Sep 09
parent Steven Schveighoffer <schveiguy gmail.com> writes:
On 9/9/21 9:24 PM, Adam D Ruppe wrote:
 On Friday, 10 September 2021 at 01:03:58 UTC, max haughton wrote:
 If I'm not mistaken they do allow exceptions in new code now, their 
 famous no exception policy was mostly due to them being stuck with old 
 design decisions.
Right. There's a bad habit among people to say "well company X does this therefore it must be smart for us too", but often company X does it because of some problem specific to their codebase/organization/product which ought not be applied generally.
I once was in charge of maintaining code that targeted a small microprocessor. The person who first set up the build didn't know how to make the linkfile work with parameters, so it was C code, with *all parameters* passed via global variables (why a compiler linkfile would be able to mess this up is beyond me). It was a long time before I figured it out, and the code base still had all the parameters as globals. But in actuality, the code the compiler generated for it was so horrendous, I kept global variables in all but the most trivial cases. It was an 8-bit CPU in a 16-bit address space, with only 8K of code ROM space, so every little bit (literally) counted. 16-bit math was to be avoided at all costs, so no pointers. For sure, local constraints can dictate why code is written in a weird way. -Steve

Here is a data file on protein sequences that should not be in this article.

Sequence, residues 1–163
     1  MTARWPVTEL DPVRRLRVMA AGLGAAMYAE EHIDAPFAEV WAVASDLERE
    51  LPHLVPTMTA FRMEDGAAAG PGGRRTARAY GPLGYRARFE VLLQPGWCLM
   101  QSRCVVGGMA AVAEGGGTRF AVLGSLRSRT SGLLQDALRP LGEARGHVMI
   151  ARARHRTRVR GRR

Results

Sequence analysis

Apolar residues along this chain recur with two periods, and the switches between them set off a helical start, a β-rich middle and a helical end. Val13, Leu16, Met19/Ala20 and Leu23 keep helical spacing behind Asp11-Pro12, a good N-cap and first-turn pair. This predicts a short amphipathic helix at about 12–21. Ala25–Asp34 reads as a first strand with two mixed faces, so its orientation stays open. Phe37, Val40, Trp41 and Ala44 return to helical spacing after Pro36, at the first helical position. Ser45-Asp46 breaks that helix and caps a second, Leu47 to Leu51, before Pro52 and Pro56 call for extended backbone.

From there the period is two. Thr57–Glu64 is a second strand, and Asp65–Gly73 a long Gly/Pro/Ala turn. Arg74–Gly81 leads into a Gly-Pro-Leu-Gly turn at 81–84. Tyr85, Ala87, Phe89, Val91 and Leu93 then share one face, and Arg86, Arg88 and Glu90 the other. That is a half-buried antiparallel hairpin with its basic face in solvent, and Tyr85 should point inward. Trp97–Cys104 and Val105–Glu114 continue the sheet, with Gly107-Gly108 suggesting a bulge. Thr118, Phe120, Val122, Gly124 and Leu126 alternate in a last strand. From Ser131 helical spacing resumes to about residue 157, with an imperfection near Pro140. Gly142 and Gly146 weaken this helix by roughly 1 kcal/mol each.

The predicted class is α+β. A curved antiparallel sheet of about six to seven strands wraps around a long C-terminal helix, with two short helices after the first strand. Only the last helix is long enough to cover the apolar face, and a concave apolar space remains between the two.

Sep 10
prev sibling parent reply rikki cattermole <rikki cattermole.co.nz> writes:
On 10/09/2021 11:57 AM, Walter Bright wrote:
 Momentum seems to be building behind the idea that exception handling is 
 the wrong path.